Year end tax planning

Dr Mark Pizzacalla, Partner, BDO

The tax year-end is an important time to ensure your business and personal tax affairs are in order. Here’s some key things to remember.

One of the most important aspects of tax planning is to ensure all appropriate elections and choices have been made and the correct documentation is in place for transactions that have or are to be finalised before 30 June 2021.

This is even more essential this year given the massive disruption businesses have experienced through the pandemic.

Note: This article is focused on the usual year-end tax planning challenges, rather than any changes that have occurred in the Federal Budget. This article is not meant to be exhaustive and your individual and business circumstances must be considered.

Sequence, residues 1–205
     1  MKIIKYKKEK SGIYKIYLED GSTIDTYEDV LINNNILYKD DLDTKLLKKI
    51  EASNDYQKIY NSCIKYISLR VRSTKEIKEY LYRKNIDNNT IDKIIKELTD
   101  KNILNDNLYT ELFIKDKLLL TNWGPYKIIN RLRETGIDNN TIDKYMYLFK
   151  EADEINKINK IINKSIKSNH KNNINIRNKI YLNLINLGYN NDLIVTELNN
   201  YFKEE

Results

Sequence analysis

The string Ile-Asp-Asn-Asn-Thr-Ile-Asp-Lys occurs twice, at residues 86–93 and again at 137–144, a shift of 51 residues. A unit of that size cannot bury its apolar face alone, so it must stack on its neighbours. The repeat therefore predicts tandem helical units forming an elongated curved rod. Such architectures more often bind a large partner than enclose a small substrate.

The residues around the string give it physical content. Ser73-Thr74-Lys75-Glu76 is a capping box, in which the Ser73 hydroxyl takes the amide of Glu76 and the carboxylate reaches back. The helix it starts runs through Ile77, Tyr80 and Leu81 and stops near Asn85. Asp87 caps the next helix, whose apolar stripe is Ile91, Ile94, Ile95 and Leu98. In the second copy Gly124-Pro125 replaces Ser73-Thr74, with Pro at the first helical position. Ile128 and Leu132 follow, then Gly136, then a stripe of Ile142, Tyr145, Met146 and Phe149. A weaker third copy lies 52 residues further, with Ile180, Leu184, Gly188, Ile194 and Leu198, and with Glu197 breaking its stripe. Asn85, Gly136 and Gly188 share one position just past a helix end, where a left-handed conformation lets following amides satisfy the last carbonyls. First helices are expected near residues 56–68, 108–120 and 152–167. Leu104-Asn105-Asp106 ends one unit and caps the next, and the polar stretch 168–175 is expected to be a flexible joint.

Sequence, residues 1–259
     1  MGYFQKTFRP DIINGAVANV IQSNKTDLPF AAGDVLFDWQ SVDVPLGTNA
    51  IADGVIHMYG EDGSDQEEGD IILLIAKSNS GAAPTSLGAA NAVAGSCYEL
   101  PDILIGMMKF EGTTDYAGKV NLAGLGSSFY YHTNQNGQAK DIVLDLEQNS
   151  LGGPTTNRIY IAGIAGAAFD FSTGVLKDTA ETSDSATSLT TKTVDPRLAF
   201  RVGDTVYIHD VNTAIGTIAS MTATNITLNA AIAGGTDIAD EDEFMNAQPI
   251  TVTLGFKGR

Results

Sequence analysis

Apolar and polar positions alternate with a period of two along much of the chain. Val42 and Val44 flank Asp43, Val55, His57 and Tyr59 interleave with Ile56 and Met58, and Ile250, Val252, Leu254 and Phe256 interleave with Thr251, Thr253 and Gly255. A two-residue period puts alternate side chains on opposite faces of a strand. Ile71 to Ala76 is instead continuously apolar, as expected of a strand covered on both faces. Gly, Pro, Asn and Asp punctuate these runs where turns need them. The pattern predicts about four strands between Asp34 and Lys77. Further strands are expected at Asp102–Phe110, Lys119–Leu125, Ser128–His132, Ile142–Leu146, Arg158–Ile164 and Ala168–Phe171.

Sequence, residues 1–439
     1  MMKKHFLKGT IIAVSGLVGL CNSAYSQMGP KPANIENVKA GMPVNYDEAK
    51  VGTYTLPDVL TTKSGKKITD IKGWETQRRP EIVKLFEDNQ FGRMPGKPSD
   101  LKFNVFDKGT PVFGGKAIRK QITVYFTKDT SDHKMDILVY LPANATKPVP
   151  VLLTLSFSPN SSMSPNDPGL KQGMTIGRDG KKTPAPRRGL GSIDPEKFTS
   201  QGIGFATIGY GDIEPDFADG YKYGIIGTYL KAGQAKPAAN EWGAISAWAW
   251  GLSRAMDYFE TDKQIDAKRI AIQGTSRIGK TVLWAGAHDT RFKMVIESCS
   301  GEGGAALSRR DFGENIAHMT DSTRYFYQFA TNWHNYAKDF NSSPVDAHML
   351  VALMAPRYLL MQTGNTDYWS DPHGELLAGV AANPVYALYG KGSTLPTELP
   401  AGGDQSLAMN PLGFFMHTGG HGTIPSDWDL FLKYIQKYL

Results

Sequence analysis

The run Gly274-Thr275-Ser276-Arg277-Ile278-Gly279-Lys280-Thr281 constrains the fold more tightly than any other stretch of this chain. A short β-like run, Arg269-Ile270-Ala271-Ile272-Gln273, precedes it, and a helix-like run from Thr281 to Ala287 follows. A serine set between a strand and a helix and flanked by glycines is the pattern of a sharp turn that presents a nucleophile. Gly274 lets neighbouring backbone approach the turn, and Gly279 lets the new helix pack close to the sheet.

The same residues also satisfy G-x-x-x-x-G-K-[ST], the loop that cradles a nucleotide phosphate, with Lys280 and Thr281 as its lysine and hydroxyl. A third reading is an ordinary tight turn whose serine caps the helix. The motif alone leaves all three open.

Timing of income derivation
Consider whether the amount is income or capital because income and capital gains have different tax timing rules.

  • What is the appropriate method of income recognition for each type of income: cash or accruals?
    • Cash (generally) for income from personal services, rent, interest, dividends and other income from non- business investments.
    • Accruals (generally) for trading income or other business income that relies on circulating capital or staff or equipment to produce income.
  • Consider specific rules to determine when income is derived and, if appropriate, whether income can be deferred until after 30 June 2021.
  • Alternatively, if your client is in a tax loss position, consider whether they can accelerate income prior to 30 June to recoup such losses.

Income received in advance

  • Income received in advance may not be derived (and taxed) until the services are provided. Income received in advance should be credited to an unearned income account.
  • This rule will generally not apply if payment is not refundable if services are not provided.
  • Income received in advance must be released to profit when services are provided, or if services are not provided, when it is determined the services will not be provided and no refund is claimed by customer.